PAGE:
Davenport, cop of the 21st century
Vasárnap Reggel
September 12, 2004
Translation by Dohi

American author John Sandford is signing his books in Budapest on Monday. His fictional Minneapolis cop, Davenport is almost as famous as Inspector Maigret or Lieutenant Columbo.
John Sandford, invited by his Hungarian publisher, József Laux (JLX Publishing House), arrives in Hungary on Sunday. He will be signing his books in Mammut and Duna Plaza on Monday and in Árkád and Lurdy Ház on Tuesday.
Sixteen Davenport books have been released so far, the 17th, Titkos préda just hit the streets.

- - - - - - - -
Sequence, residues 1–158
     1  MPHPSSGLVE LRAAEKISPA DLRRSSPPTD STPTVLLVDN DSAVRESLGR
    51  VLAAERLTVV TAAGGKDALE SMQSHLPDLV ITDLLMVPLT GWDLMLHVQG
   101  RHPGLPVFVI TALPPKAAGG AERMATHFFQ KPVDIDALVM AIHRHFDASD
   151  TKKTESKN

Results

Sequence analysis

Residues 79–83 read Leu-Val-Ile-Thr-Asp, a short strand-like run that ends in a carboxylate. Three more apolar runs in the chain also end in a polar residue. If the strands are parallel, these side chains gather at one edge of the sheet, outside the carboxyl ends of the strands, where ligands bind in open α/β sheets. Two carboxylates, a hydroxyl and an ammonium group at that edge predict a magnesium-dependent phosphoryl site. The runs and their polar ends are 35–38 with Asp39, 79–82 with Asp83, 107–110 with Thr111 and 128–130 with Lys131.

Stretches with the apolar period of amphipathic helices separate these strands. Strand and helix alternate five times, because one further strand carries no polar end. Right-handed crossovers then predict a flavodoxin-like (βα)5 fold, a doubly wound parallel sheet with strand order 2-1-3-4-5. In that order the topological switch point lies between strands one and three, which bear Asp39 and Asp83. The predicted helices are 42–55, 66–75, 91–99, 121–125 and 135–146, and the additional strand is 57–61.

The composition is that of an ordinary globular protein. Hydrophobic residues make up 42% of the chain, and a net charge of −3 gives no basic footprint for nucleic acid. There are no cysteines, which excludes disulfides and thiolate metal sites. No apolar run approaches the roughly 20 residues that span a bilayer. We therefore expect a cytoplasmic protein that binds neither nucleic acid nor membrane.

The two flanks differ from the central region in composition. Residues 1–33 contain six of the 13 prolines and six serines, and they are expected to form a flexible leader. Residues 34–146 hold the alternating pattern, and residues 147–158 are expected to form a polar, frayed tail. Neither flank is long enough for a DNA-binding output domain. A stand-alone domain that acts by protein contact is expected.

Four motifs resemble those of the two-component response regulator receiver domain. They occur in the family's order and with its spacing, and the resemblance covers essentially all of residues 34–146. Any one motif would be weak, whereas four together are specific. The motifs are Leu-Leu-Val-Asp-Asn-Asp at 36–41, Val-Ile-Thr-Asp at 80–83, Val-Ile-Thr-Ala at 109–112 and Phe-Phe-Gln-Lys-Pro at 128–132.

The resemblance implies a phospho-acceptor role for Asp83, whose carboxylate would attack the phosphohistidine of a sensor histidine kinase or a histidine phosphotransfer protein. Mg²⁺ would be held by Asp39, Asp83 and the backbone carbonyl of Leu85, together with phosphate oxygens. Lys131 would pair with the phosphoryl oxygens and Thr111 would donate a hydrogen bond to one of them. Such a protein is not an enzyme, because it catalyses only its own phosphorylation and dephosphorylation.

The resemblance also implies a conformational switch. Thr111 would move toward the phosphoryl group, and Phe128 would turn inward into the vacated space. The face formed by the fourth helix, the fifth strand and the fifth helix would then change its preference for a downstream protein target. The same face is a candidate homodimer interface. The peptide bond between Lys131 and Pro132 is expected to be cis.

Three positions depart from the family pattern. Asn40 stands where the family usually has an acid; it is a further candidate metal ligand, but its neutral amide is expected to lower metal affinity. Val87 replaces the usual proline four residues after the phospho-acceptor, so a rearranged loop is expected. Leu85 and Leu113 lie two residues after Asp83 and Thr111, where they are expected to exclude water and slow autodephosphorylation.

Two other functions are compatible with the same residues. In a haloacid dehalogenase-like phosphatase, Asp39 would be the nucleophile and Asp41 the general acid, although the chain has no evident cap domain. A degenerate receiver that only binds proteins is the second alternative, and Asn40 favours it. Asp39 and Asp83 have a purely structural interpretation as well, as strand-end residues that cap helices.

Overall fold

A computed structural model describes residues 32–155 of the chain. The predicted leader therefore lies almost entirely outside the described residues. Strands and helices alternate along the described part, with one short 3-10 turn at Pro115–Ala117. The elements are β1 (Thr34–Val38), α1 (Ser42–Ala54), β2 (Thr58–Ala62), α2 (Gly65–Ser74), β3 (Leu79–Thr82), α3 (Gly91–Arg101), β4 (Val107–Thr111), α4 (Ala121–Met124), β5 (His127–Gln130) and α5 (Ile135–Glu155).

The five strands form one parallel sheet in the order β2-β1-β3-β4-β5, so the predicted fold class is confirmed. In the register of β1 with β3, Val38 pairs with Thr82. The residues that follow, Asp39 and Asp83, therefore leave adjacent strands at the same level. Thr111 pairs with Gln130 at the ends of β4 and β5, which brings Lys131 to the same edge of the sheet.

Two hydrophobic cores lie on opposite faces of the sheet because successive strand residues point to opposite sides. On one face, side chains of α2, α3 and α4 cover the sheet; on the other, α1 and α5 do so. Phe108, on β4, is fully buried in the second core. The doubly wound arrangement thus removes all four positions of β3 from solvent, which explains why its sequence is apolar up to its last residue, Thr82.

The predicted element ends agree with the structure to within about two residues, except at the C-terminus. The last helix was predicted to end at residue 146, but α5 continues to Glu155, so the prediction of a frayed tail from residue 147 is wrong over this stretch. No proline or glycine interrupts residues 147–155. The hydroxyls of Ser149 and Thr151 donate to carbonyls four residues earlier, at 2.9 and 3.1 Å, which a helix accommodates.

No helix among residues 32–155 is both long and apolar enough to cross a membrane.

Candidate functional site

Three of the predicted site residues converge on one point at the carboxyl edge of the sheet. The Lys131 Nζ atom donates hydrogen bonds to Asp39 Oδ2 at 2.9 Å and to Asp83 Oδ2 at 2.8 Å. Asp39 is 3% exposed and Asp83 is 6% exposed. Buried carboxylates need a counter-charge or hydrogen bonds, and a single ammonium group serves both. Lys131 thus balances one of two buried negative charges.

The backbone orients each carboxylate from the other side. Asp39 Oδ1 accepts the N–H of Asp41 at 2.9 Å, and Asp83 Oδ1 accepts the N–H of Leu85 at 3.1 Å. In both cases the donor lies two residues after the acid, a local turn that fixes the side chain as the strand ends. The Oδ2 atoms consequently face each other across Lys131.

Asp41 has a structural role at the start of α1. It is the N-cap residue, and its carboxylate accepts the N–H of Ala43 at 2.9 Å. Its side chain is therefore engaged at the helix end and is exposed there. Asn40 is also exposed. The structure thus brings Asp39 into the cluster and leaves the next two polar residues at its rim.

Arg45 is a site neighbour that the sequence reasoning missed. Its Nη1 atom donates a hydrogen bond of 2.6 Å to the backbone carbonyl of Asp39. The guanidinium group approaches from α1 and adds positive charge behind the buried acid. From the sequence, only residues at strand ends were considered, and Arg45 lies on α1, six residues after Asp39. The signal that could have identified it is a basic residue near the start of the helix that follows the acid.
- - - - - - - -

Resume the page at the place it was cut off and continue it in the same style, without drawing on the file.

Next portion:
Sandford began writing in the army, and it was the army that sent him to journalist school. He also worked in Korea and thus belonged to the few who managed to avoid Vietnam. Looking back he says he had lived in Florida and been a journalist for too long. "Totally burned out," he quit his full-time job as a journalist and began writing novels in 1996. His books were turned down in the beginning: one of them was found to be too realistic by the editor, another had the problem of being too far from reality. Yet, he did not give up writing, as if he had known that sooner or later publishers would stop rejecting his books. And so it happened. It got underway suddenly, all of his manuscripts were accepted and to this day 22 of his books had been released. Good and evil are easily distinguishable in Sandford's novels: the protagonist in the Davenport books is a cop from Minneapolis, who treats every case as if it was a personal matter and who is obsessed to solve the cases. Sandford says Lucas Davenport is a Clint Eastwood-type cop: "tall, rich, handsome, blue-eyed, drives a Porsche, fights, has a gun and is a playboy. This way it's not hard to work your way into the readers' bookshelves," Sandford supposes. Several plot twists in his books are taken from real life: as a journalist and writer he used to visit crime scenes on a regular basis. Writing is what makes Sandford tick: he sits at his desk from 10 am till dawn.